Although this seems like a lot of ingredients, this recipe utilizes two components that are then combined for the end product. The second set of ingredients is used to flavor the collards and uses the stems that would usually be discarded, which bothered me. When I first made this recipe, I was tossing the stems into a small teapot that “was there” to keep them out of the way – thus the genesis of this idea.
This recipe combines well with kasha or other whole grains such as wheat berries.
1/2 pound shiitake mushrooms
1/2 inch piece of peeled ginger, grated finely and squeezed for juice
1 large clove of garlic, peeled and cracked
1/4 cup sake
1/8 cup mirin (sweet Japanese cooking wine)
1 tablespoon “white” or light soy sauce
2 tablespoon of neutral flavored oil (grapeseed or canola)
Reserved stems from shiitake mushrooms
1/2 inch piece of peeled ginger, crushed
1 small garlic clove, peeled and de-germed
4 drops “white” or light soy sauce
1 bunch of collard greens, stripped from stems
1 tablespoon neutral flavored oil
Remove and reserve the mushroom stems. Slice the mushrooms on the bias so you have wide, fairly thin, slices.
Heat the oil over medium-high heat in a 10-inch pan, preferably non-stick, and when hot, put in the garlic clove. Cook until the oil is fragrant and the garlic just starting to color.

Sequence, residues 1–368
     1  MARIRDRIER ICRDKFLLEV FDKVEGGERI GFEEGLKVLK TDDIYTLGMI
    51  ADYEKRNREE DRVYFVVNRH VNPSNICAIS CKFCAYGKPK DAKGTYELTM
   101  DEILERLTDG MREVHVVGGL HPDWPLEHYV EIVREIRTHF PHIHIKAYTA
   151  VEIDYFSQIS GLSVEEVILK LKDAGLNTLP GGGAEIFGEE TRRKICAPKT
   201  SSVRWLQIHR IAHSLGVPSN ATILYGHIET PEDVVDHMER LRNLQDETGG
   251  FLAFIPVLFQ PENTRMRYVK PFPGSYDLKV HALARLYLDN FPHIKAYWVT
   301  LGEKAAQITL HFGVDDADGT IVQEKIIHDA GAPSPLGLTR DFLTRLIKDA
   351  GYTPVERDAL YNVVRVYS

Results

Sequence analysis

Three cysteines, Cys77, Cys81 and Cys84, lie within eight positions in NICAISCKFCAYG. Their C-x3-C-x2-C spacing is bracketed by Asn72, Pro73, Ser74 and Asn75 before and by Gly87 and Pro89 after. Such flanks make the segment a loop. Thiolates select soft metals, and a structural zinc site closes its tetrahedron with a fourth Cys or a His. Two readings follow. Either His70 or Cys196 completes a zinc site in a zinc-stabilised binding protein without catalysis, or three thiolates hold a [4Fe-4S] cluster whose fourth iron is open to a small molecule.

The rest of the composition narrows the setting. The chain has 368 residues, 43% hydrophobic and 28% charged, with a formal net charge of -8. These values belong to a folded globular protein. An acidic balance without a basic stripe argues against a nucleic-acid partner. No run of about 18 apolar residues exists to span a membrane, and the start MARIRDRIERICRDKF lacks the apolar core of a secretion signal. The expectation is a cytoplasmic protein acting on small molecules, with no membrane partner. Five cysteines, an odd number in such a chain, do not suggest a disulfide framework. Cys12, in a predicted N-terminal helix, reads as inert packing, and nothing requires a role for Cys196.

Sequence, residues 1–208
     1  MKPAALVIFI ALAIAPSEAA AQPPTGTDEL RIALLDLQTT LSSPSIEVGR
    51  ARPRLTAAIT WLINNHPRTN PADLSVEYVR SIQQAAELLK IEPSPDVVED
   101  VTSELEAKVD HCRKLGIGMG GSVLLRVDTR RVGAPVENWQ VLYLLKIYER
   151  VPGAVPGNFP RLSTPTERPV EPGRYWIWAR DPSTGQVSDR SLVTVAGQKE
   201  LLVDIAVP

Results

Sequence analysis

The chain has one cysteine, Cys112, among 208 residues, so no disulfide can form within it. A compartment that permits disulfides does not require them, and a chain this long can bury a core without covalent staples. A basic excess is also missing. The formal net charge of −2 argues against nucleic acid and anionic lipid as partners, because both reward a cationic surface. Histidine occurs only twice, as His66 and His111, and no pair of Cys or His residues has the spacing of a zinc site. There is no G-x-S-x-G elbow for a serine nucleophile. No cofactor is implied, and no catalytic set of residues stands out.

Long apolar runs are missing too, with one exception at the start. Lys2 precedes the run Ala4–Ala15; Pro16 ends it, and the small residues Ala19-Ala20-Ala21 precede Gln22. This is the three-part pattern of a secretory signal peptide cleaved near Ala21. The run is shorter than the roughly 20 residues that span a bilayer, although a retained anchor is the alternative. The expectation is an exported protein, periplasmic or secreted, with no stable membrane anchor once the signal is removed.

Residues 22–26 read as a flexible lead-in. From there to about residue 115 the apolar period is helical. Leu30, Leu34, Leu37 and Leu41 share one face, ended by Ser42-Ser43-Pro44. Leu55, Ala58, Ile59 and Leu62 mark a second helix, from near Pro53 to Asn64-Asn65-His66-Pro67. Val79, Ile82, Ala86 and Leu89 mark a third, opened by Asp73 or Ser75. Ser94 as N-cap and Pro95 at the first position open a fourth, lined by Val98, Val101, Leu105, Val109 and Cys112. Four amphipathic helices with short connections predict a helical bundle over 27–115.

Add the mushrooms. Immediately toss to coat the mushrooms with the oil.
Cook the mushrooms until they are all softened a bit. Drizzle in the sake, mirin, and soy sauce. Toss well. Add the ginger juice.
Reduce the heat to low and cover. Allow the mushrooms to gently cook. Check periodically to avoid burning.
Meanwhile, bring a quart of water to a boil in a 2-quart chefs pan, and add the kale. Bring the kale to a boil, and cook for 5 minutes. Reduce the heat to a simmer, then cook covered for 20 minutes or so.
At the same time, bring 2 cups of water to a boil for the mushroom stem “tea”. Put the mushroom stems, ginger, garlic, and soy sauce into a teapot or pan, and when the water boils, pour it onto the stems and company. Let steep until needed.
Check the mushrooms. If they are not quite tender but the liquid is gone, just add a splash of water and stir them around. Repeat until tender. If they are done but it seems wet in the pan, remove the lid and cook to reduce the liquid.
When the collards are soft (about 20 minutes), pour out most of the liquid so only a tablespoon or two of liquid remains. Strain the mushroom stem “tea” into the pot and stir the collards around. Cook until the liquid is almost entirely gone.
Drizzle the last tablespoon of oil onto the greens and stir to coat.
Empty the collards and any remaining liquid into the mushroom pan and turn up the heat to warm through if needed. Stir the mixture to combine well, then serve.
YIELD: Serves 4